This section (489-544) begins with a long prophecy of disaster against a variety of city states and peoples including the Phoenicians, Crete, and even Gog and Magog (513), but the main enemy judged in this section is Greece (520, 534, 537). In 544 there is reference to only a third of mankind surviving the judgment by fire of that day, not unlike several Revelation judgments in when a “third” is destroyed. The reference may be to Ezekiel 5:12, however, who used his hair as a prophecy to demonstrate that only a third of the nation would survive.
The Greeks continue as the focus in 545-573. They will recognize God when the planned disaster falls upon them (555-557). Unlike the Greeks, the Jews do recognize God and are greatly praised in 573-600. They fully honor God in the temple, they properly sacrifice in a holy manner, the do not commit idolatry, they are “mindful of wedlock” and do not commit grotesque acts of immorality (pedophiles are mentioned in line 596). The Phoenicians, Egyptians, Romans, and Greeks are specifically mentioned in contrast to the Jews in this section (598).
Because of the great sin which is in the world God will judge all mortals with disaster, wars, famines, etc. (601-619). The Greeks, Macedonians and Egyptians will all be overthrown and their “handmade works” will be thrown on the fire. God will then transform the earth and cause great joy and prosperity for men (619-623).
The writer exhorts his readers to respond to God with great sacrifices in order to propitiate God (624-634). The writer describes “signs of the end,” primarily political chaos and military conquests (635-651). The next brief section appears to be a reference to a messiah-like person (652-656). God will send a “king from the sun” who will stop war from happening on the earth by being obedient to the “noble teachings of God.” Collins mentions the common theme in Egyptian material that war will cease when Isis wills it. In the Potters Oracle, a king from the Sun is sent by Isis (OTP 1:376 note x3). The Sibylline Oracles seem to be taking an Egyptian messiah-figure and converting it to the Jewish idea that the Messiah will stop war when he comes.
An assault on the temple is predicted in 658-668. The Temple of the Great God will be attacked and destroyed and “abominable kings” will set their thrones around the city. A series of cosmological signs are given in 669-701. These physical signs of the end of the age are not as spectacular as in other apocalypses (even Revelation in the New Testament), but they serve to show even this Oracle predicts a time of natural chaos before the kingdom arrives.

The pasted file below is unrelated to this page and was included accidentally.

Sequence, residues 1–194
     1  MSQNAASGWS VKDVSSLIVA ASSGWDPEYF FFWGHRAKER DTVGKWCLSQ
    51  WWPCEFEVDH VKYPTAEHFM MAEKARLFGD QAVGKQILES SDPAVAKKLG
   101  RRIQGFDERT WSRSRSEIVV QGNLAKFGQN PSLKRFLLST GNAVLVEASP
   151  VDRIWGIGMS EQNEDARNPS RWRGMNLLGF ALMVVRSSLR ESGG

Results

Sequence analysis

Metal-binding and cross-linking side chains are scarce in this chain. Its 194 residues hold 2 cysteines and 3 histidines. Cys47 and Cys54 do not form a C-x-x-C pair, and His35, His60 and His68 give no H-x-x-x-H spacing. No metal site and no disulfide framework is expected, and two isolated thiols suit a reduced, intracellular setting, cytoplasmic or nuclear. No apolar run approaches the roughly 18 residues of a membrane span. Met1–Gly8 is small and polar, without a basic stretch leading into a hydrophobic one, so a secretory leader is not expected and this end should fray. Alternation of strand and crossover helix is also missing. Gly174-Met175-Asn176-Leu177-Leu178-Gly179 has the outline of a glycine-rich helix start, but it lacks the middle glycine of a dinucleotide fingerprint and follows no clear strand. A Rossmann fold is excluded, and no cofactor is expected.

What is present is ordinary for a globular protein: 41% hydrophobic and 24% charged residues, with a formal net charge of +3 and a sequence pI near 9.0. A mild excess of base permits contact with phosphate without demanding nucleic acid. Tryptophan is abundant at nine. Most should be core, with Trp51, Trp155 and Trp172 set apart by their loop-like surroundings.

Amid this chaos, the elect will be rescued by the Great God (702-731). The hand of the Holy One will be fighting for them and all the people of the earth will notice how much the Mighty One loves his chosen people. Playing on Ezekiel 39, the Oracle describes the massive bloodshed of the final battle in terms of how long it will take to collect all of the weapons of war (“seven lengths of annually recurring times,” i.e. seven months). The Greeks are advised to “desist from proud thoughts” and seek the “great-hearted Immortal” (732-740). If they serve the great God they will share in his things.
The time after the great day of God’s judgment is described in 741-761. It will be a time of prosperity and riches, God himself will institute a “common law” which the whole earth will follow so that his will is done by all “wretched mortals.” A brief exhortation to “shun unlawful worship” interrupts the description of the kingdom (762-766). This section includes a prohibition on unnatural sexual relations and the killing of infants. The description of the kingdom is resumed in 767-795. Much here is drawn from passages in Isaiah and expanded imaginatively. (Wolves and lambs eating together, lions eating husks at a manger, serpent and asps will sleep with babies, etc.) Signs of the end are listed in (796-808). These include signs in the stars and eclipses, drops of blood and gore on rocks, infantry and cavalry in the clouds.
The book ends with a “confession” from the Sibyl herself (809-829). This Jewish book attempts to put prophecies into the mouth of a pagan seer in order to show the universality of the Jewish hope for a messiah and a final judgment. She is the daughter of Circe and Gnostos (Circe is a witch in Odyssey 10.210, the identity of Gnostos is unknown. OTP 3:380 note g4 suggests an emendation to agnostos, meaning an “unknown” father) but now she is a prophetess of the great God, who put all of the future in her mind.